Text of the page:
Coleman appealed the restitution ordered for the damage he did to a squad car by striking his head against the cage inside and kicking the door. (¶2). But his challenges are forfeited for failure to raise them in the circuit court.
¶6 On appeal, Coleman argues that the restitution award was excessive given that the police continued to use the squad car for six months from the time it was damaged to the time it was repaired, and that the damage resulted only “from a person banging his head on the car.” However, as the State notes, Coleman failed to argue before the circuit court that the officer’s testimony regarding the cost to repair the squad car was unreasonable, on any basis. By failing to adequately raise or develop this argument in the circuit court, Coleman has forfeited it, and I reject it on that basis. See State v. Eugene W., 2002 WI App 54, ¶13, 251 Wis. 2d 259, 641 N.W.2d 467 (To preserve an issue for appeal, a party must raise it “with sufficient prominence such that the [circuit] court understands that it is called upon to make a ruling.”); Townsend v. Massey, 2011 WI App 160, ¶25, 338 Wis. 2d 114, 808 N.W.2d 155 (“[T]he forfeiture rule focuses on whether particular arguments have been preserved, not on whether general issues were raised before the circuit court.”)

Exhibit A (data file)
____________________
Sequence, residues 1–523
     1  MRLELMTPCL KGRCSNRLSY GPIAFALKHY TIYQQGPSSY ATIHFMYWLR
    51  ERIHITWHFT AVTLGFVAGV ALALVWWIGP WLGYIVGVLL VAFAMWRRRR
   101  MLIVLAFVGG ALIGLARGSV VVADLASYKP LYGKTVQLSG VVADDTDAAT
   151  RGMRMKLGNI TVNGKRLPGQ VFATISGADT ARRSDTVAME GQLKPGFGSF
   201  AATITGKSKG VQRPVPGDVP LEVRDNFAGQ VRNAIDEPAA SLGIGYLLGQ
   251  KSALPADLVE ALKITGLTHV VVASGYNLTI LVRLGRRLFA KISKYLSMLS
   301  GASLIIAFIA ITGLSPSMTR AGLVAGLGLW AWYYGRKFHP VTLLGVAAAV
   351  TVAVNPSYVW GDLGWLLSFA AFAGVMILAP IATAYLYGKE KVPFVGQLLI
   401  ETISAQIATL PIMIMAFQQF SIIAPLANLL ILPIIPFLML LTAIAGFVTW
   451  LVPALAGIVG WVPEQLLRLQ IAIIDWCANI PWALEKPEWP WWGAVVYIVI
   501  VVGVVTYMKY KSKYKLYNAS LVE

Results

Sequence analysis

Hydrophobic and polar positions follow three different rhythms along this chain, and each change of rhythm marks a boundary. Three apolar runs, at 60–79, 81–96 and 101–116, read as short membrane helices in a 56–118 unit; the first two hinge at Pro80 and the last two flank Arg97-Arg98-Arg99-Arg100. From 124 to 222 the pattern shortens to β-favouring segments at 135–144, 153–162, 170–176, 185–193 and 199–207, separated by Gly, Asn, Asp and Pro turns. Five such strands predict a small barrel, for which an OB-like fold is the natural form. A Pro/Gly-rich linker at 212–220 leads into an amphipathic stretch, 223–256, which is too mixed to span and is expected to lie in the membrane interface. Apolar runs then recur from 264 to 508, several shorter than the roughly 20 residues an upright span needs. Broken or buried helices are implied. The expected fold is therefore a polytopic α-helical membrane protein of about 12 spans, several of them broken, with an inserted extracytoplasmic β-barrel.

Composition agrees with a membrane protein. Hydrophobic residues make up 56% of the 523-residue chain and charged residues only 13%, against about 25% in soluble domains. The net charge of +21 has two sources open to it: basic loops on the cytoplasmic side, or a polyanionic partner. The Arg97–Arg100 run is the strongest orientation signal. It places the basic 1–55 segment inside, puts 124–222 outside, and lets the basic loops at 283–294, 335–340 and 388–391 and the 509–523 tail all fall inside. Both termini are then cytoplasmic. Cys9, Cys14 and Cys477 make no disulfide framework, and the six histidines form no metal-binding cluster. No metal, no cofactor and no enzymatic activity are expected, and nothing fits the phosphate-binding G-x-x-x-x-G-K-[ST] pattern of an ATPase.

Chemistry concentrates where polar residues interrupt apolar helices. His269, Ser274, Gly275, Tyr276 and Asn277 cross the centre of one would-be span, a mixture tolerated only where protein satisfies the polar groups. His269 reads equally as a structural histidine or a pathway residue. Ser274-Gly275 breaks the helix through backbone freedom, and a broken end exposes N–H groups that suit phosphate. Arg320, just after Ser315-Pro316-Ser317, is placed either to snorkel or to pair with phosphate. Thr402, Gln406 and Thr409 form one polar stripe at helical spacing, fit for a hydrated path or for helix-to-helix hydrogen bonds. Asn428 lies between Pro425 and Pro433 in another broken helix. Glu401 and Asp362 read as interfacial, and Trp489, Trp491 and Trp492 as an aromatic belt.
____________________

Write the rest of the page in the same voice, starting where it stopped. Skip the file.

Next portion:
¶7 For the first time in his reply brief, Coleman argues that the six-month period between the time the squad car was damaged to the time it was repaired “raises questions about the connection between the crime and the damages.” Coleman’s argument fails because he does not point to any evidence suggesting that the squad car incurred additional damage during that time other than the damage that [Lieutenant] Potocki testified to at the hearing. I also reject this argument because “[i]t is a well-established rule that we do not consider arguments raised for the first time in a reply brief.” Bilda v. County of Milwaukee, 2006 WI App 57, ¶20 n.7, 292 Wis. 2d 212, 713 N.W.2d 661.